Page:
Hugo Rodallega: The man who made Wigan big... in Colombia!

20 November 2010 12:58
So what if Wigan aren't the most supported club in the Barclays Premier League? They are in Colombia.

Ever since Hugo Rodallega arrived at the DW Stadium just under two years ago, Wigan's adventures - and there have been many - have been beamed across the South American country. And the growing army of Colombian Wigan fans are no different from their Lancastrian counterparts - they are confused.

Looking up: Wigan's Hugo Rodallega

'Wigan have become very popular in Colombia because I'm playing here and all the matches are shown on TV,' says Rodallega. 'People walk around in Wigan shirts . . . I have absolutely no idea where they get them from.

'People think we're a strange team because one minute we are losing 4-0 at home to Blackpool and the next we're winning at Tottenham. People ask me, "What's going on with Wigan?" '

It's a question Sir Alex Ferguson might want to be aware of as Roberto Martinez's men arrive at Old Trafford today. United may be strong favourites, but Wigan are the most unpredictable team in the Premier League.

In the past two seasons they have beaten Chelsea 3-1 and lost to them 6-0 and 8-0; beaten Tottenham 1-0 away and lost there 9-1; beaten Liverpool and Arsenal at the DW but lost to Blackpool, Wolves and Birmingham at home. A win at United is unlikely but far from impossible - and Rodallega is a man on a mission.

His 17 goals in English football include two against Liverpool, one each against Chelsea, Spurs and United. He is now three goals short of joining Henri Camara as Wigan's leading alltime Premier League goalscorer, with a hat-trick today the ideal way to meet his target.

Man of a mission: Rodallega (left)

'You never know what could happen,' laughs the 25-year-old, who has settled happily in the North West with wife Carolina and one-year-old son Hugo. 'Yes, it's Manchester United at Old Trafford but we have good players too. We are going to look for a win. I don't know about getting a hat-trick but it would be good to win because we've never taken a point off them.'

Rodallega's confidence going into such a tough match may come from his efforts to emulate the man he grew up idolising - Faustino Asprilla - who is now a friend, and responsible for him joining Wigan.

'My hero was Asprilla. He still is. I celebrated like him when I scored, I wore the No 11 like him and he was the hope I had that I could make it. Now he's my friend and we speak on the phone. In fact he helped me decide to come here. He talked to me about the league here, living in Newcastle and he told me I would be happy here. Without his advice, I wouldn't have thought for a second about coming here.'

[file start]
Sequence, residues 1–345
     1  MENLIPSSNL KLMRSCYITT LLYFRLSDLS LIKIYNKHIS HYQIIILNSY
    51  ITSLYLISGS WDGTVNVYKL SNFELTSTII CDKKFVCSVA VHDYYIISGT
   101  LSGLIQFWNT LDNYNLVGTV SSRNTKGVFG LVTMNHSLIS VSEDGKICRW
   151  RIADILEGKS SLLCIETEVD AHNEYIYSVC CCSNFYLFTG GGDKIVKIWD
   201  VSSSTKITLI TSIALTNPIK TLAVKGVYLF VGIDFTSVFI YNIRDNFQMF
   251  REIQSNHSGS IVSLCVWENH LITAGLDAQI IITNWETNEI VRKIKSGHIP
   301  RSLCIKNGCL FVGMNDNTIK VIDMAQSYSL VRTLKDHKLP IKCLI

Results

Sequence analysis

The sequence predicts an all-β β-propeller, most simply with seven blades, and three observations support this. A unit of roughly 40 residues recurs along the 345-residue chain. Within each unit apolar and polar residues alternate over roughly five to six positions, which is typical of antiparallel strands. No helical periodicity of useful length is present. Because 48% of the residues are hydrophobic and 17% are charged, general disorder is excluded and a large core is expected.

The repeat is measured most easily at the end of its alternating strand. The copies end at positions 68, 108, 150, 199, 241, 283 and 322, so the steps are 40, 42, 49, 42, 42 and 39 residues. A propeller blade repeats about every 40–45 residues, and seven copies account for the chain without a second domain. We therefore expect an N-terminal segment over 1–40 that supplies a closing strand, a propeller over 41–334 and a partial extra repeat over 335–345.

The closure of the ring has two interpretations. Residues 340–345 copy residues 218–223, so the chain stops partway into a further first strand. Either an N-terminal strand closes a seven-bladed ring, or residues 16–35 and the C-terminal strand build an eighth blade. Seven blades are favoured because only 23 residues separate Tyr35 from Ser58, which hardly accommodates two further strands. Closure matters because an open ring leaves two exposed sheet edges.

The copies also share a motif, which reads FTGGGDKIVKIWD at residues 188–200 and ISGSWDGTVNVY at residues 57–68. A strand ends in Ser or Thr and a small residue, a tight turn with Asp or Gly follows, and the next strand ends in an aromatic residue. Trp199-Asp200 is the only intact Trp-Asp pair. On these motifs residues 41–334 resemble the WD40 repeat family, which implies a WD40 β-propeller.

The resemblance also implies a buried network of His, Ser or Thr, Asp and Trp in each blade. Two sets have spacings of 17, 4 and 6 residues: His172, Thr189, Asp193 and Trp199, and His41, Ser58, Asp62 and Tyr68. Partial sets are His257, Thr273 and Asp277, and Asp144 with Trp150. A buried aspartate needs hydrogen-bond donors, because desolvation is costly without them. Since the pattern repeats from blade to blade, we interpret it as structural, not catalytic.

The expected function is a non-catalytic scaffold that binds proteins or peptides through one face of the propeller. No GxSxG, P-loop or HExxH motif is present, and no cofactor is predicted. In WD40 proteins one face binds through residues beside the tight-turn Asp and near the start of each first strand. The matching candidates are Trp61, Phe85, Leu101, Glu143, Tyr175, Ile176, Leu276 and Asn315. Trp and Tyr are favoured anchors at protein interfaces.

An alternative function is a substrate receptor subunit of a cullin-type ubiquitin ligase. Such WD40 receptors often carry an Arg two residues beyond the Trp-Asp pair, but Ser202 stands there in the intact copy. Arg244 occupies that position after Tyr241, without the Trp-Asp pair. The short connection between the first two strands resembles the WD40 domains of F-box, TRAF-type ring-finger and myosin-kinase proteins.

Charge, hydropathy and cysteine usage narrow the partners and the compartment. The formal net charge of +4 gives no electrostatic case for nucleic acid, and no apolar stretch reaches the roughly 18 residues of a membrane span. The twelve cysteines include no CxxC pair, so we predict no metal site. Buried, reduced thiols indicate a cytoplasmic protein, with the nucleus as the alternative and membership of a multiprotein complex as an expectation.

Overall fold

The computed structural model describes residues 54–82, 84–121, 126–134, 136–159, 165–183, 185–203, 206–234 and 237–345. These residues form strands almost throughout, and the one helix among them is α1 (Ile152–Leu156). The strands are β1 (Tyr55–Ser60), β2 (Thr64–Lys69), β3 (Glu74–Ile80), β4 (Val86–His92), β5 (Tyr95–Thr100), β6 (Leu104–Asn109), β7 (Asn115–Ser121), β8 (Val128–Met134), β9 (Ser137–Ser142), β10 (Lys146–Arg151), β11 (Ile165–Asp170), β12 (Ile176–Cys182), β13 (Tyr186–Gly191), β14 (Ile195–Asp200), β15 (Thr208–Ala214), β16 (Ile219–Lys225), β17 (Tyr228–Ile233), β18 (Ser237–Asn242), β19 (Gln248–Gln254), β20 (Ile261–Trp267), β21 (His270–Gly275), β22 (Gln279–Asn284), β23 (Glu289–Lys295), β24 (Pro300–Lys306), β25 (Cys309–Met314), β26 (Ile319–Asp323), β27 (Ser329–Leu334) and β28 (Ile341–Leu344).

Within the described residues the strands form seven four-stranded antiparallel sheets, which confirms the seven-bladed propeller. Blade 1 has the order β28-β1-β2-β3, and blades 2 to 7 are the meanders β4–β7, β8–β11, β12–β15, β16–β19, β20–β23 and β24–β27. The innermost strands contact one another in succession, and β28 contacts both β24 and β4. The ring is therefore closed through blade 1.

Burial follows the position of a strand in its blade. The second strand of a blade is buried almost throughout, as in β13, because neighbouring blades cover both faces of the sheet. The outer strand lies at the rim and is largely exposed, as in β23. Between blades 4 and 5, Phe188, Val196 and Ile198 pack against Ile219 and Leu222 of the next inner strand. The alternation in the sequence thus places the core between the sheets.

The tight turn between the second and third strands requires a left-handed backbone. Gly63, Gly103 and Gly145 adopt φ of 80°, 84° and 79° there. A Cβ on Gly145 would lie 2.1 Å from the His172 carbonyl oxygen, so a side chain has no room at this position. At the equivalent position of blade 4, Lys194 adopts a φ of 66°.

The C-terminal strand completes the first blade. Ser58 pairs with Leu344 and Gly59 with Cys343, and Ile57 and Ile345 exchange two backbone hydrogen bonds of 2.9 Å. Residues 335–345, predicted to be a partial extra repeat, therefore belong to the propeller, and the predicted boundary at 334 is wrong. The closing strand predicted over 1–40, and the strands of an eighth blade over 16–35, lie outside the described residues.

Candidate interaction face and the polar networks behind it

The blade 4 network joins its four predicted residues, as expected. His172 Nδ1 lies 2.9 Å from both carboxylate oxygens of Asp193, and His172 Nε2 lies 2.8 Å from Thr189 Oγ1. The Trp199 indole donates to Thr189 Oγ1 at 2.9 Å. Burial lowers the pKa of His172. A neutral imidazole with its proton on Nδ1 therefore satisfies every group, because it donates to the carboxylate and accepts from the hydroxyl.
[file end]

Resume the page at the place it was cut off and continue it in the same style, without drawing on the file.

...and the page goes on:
Rodallega is still getting used to life in Wigan. It's an overused cliche, but life here is a million miles from that in El Carmelo, the village in the south of Colombia where he is from.

'It's a quiet, humble place. I wouldn't call it poor. I lived with my parents and my two older sisters. Unfortunately, Colombia is seen as somewhere where you will get kidnapped, robbed and killed - and that used to be the case. It was very dangerous.

'But in the last five years or so, it is a completely different country. There are a lot of tourists from Europe; they come to the beach and people are starting to say nice things about us. They have got rid of a lot of the drug trafficking, they have controlled the police and the army and it's a safer place now. Luckily nothing bad ever happened to me or my family.'

A lot of the violent images associated with Colombia are linked to the shooting of Colombian World Cup star Andres Escobar in 1994. Blamed for scoring an own goal which saw Colombia knocked out, Escobar was murdered when he returned home.

'I was very young (nine) when he was killed but I remember everything. Andres was a great person and a great player. As a public figure you are always prepared for people criticising you, shouting things at you but he was upset by something and the consequences led to his death. It was so hard for the country as a whole to deal with.'

Fortunately, Rodallega has no such serious worries - he just has to deal with his future and a part of English life that has driven him crazy.

'I hope I've learned a lot, improved a lot. If I'm here, I hope we're challenging for a European place and I'm setting goalscoring records. If I'm not here, I'll be at another club in England. In five years, I hope I'll have played at the World Cup and that I'm playing at one of the big clubs in Europe.'

Maybe by then he will understand his new hobby. 'I watch quite a lot of cricket. I like it and it's always on TV but I don't have a clue what's going on. But I sit there and watch it, trying to understand it - but I can't. I found it weird when I arrived seeing people in the streets playing it. I had no idea what was going on.' Much like those confused Wigan fans in Colombia.

Hugo Rodallega was speaking to mark the launch of an initiative between 188BET and Top Up TV, who are offering British fans three months of free top-class sports action on ESPN. For more information please go to:

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Source: Daily_Mail